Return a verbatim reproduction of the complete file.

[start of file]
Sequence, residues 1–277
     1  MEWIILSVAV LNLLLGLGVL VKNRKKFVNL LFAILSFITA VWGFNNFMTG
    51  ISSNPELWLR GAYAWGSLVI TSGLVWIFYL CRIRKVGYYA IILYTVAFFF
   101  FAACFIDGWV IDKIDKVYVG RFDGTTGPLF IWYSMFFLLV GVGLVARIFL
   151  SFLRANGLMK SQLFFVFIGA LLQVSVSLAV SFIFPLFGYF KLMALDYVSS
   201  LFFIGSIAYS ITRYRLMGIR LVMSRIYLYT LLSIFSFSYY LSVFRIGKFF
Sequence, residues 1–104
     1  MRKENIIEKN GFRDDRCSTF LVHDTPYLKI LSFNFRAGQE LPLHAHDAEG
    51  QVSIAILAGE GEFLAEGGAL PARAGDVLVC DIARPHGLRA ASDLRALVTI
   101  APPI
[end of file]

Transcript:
Sequence, residues 1–277
     1  MEWIILSVAV LNLLLGLGVL VKNRKKFVNL LFAILSFITA VWGFNNFMTG
    51  ISSNPELWLR GAYAWGSLVI TSGLVWIFYL CRIRKVGYYA IILYTVAFFF
   101  FAACFIDGWV IDKIDKVYVG RFDGTTGPLF IWYSMFFLLV GVGLVARIFL
   151  SFLRANGLMK SQLFFVFIGA LLQVSVSLAV SFIFPLFGYF KLMALDYVSS
   201  LFFIGSIAYS ITRYRLMGIR LVMSRIYLYT LLSIFSFSYY LSVFRIGKFF
Sequence, residues 1–104
     1  MRKENIIEKN GFRDDRCSTF LVHDTPYLKI LSFNFRAGQE LPLHAHDAEG
    51  QVSIAILAGE GEFLAEGGAL PARAGDVLVC DIARPHGLRA ASDLRALVTI
   101  APPI